News & Media

Princes Pier wins top timber design award

The restoration of Port Melbourne’s historic Princes Pier has notched up a prestigious industry award thanks to its unique use of timber.

The 100 year old heritage listed pier was awarded the Outdoor Timber prize for a stand alone structure at the 2012 Australian Timber Design Awards held in Sydney overnight. 

The judging panel, made up of top timber experts from across Australia, was impressed by the use of timber in the restoration of the pier and its 1936 gatehouse, as well as landscaping on the pier, which includes the reuse of timber from its original structure. 

Major Projects Victoria Executive Director, Tim Bamford, was pleased to receive the award and said that timber was central to the pier’s successful restoration with around eight different varieties used. 

“An effective and considered use of timber was vital to the success of this complex and unique heritage restoration,” Mr Bamford said. 

“For example, in order to meet stringent heritage requirements we had to source timber cladding for the gatehouse interior and exterior matched exactly to its original form. 

“The timber species selected for the pier were chosen for their long term durability and high quality aesthetic values, in order to meet architectural and heritage requirements,” he said. 

The pier’s other timber components include the refurbishment of more than 1000 heritage listed support piles, the installation of two timber decks and public seating, lowered landings for small craft berthing, mooring bollards and flag poles. 

Major Projects Victoria’s Andrew McKinley led architect Lovell Chen, Fitzgerald Construction and engineers Robert Bird Group in the $34 million restoration.

McKinley was recently named Project Manager of the Year by the Australian Institute of Project Management Victorian Chapter for his work on the pier.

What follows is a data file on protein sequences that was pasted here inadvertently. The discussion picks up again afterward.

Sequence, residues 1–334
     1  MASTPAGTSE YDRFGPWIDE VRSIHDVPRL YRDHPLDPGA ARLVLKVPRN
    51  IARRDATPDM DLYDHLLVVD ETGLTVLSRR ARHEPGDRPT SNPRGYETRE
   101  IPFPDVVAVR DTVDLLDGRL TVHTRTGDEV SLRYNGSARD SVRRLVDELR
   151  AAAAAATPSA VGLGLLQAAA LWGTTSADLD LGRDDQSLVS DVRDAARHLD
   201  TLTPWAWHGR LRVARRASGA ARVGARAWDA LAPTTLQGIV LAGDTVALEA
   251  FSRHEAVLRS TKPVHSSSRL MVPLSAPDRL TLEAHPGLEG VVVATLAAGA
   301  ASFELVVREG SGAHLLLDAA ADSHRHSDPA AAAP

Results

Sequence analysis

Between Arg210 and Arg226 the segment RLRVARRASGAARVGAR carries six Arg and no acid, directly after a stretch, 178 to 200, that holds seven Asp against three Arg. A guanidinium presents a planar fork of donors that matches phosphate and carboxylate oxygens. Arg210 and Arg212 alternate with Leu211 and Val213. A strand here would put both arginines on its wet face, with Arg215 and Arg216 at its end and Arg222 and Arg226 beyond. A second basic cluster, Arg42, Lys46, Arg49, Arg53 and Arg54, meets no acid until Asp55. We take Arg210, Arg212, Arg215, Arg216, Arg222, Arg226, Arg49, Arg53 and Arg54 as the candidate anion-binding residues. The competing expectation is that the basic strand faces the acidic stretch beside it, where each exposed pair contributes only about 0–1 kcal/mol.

Princes Pier reopened to the public in December last year as an exciting and flexible new public space for local residents and the wider community to enjoy. 

The Australian Timber Design Awards are a national competition aimed to promote and encourage outstanding timber design among the built environment professions.

The restoration of Port Melbourne’s historic Princes Pier has notched up a prestigious industry award thanks to its unique use of timber.

The 100 year old heritage listed pier was awarded the Outdoor Timber prize for a stand alone structure at the 2012 Australian Timber Design Awards held in Sydney overnight. 

The judging panel, made up of top timber experts from across Australia, was impressed by the use of timber in the restoration of the pier and its 1936 gatehouse, as well as landscaping on the pier, which includes the reuse of timber from its original structure. 

Major Projects Victoria Executive Director, Tim Bamford, was pleased to receive the award and said that timber was central to the pier’s successful restoration with around eight different varieties used. 

“An effective and considered use of timber was vital to the success of this complex and unique heritage restoration,” Mr Bamford said. 

“For example, in order to meet stringent heritage requirements we had to source timber cladding for the gatehouse interior and exterior matched exactly to its original form. 

“The timber species selected for the pier were chosen for their long term durability and high quality aesthetic values, in order to meet architectural and heritage requirements,” he said. 

The pier’s other timber components include the refurbishment of more than 1000 heritage listed support piles, the installation of two timber decks and public seating, lowered landings for small craft berthing, mooring bollards and flag poles. 

Major Projects Victoria’s Andrew McKinley led architect Lovell Chen, Fitzgerald Construction and engineers Robert Bird Group in the $34 million restoration.

McKinley was recently named Project Manager of the Year by the Australian Institute of Project Management Victorian Chapter for his work on the pier.

Princes Pier reopened to the public in December last year as an exciting and flexible new public space for local residents and the wider community to enjoy. 

The Australian Timber Design Awards are a national competition aimed to promote and encourage outstanding timber design among the built environment professions.